manipulate process resources
Standard C Library (libc, -lc)
Forking, vforking or rforking are the only ways new processes are created. The
() selects which resources of the
invoking process (parent) are shared by the new process (child) or initialized
to their default values. The resources include the open file descriptor table
(which, when shared, permits processes to open and close files for other
processes), and open files. The flags
argument is the logical OR of some subset of:
- If set a new process is created; otherwise changes affect the current
- If set, the child process will be dissociated from the parent. Upon exit
the child will not leave a status for the parent to collect. See
- If set, the invoker's file descriptor table (see
intro(2)) is copied; otherwise the two
processes share a single table.
- If set, the new process starts with a clean file descriptor table. Is
mutually exclusive with
- If set, the new process shares file descriptor to process leaders table
with its parent. Only applies when neither
RFCFDG are set.
- If set, the kernel will force sharing of the entire address space,
typically by sharing the hardware page table directly. The child will thus
inherit and share all the segments the parent process owns, whether they
are normally shareable or not. The stack segment is not split (both the
parent and child return on the same stack) and thus
rfork() with the RFMEM flag may not
generally be called directly from high level languages including C. May be
set only with
RFPROC. A helper function
is provided to assist with this problem and will cause the new process to
run on the provided stack. See
rfork_thread(3) for information. Note that a
lot of code will not run correctly in such an environment.
- If set, the kernel will force sharing the sigacts structure between the
child and the parent.
- If set, the kernel will deliver a specified signal to the parent upon the
child exit, instead of default SIGCHLD. The signal number
signum is specified by oring the
RFTSIGFLAGS(signum) expression into
flags. Specifying signal number 0
disables signal delivery upon the child exit.
- If set, the kernel will deliver SIGUSR1 instead of SIGCHLD upon thread
exit for the child. This is intended to mimic certain Linux clone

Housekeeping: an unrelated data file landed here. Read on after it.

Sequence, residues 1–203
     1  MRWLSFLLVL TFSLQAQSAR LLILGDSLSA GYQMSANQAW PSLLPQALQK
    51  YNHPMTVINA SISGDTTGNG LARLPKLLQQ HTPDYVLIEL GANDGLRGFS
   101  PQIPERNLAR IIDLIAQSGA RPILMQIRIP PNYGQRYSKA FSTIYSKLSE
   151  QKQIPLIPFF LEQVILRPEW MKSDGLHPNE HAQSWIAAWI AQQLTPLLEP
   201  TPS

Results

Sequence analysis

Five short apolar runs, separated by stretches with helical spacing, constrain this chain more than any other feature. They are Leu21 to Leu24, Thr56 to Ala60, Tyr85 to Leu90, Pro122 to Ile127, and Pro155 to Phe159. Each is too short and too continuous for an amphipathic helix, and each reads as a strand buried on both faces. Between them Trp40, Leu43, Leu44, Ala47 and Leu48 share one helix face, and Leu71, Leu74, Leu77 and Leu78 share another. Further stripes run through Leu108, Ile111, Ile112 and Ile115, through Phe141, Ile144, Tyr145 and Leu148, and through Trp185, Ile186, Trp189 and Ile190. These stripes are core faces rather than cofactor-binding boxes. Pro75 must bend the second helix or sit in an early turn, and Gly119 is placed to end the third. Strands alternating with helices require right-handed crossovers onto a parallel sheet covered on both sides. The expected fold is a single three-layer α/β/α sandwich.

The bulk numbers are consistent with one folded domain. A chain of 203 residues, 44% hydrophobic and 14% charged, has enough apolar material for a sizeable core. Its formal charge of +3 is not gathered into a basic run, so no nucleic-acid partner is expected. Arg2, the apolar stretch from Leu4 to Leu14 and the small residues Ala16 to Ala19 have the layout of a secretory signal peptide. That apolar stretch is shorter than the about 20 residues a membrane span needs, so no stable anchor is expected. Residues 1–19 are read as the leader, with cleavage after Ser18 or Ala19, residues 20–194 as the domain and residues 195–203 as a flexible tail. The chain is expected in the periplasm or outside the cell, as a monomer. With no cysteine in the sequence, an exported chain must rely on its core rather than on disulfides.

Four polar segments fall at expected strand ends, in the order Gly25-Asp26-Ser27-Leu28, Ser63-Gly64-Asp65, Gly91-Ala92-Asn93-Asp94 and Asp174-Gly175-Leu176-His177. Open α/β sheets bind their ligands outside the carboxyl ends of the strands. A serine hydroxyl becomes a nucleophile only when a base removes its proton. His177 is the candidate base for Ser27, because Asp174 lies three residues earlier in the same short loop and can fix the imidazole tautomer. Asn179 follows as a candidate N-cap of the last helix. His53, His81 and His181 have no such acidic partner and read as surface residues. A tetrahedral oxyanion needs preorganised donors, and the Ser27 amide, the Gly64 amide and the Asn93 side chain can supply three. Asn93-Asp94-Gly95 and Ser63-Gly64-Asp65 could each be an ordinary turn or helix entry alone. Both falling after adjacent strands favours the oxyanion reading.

File descriptors in a shared file descriptor table are kept open until either
they are explicitly closed or all processes sharing the table exit.
is set, the value returned in the
parent process is the process id of the child process; the value returned in
the child is zero. Without
return value is zero. Process id's range from 1 to the maximum integer
) value. The
() system call will sleep, if
necessary, until required process resources are available.
() system call can be implemented as
a call to
) but is not for backwards compatibility.
Upon successful completion,
() returns a
value of 0 to the child process and returns the process ID of the child
process to the parent process. Otherwise, a value of -1 is returned to the
parent process, no child process is created, and the global variable
is set to indicate the error.
() system call will fail and no
child process will be created if:
- The system-imposed limit on the total number of processes under execution
would be exceeded. The limit is given by the
sysctl(3) MIB variable
KERN_MAXPROC. (The limit is actually
ten less than this except for the super user).
- The user is not the super user, and the system-imposed limit on the total
number of processes under execution by a single user would be exceeded.
The limit is given by the sysctl(3) MIB
- The user is not the super user, and the soft resource limit corresponding
to the resource argument
RLIMIT_NOFILE would be exceeded (see
- Both the RFFDG and the RFCFDG flags were specified.
- Any flags not listed above were specified.
- An invalid signal number was specified.
- There is insufficient swap space for the new process.
() function first appeared in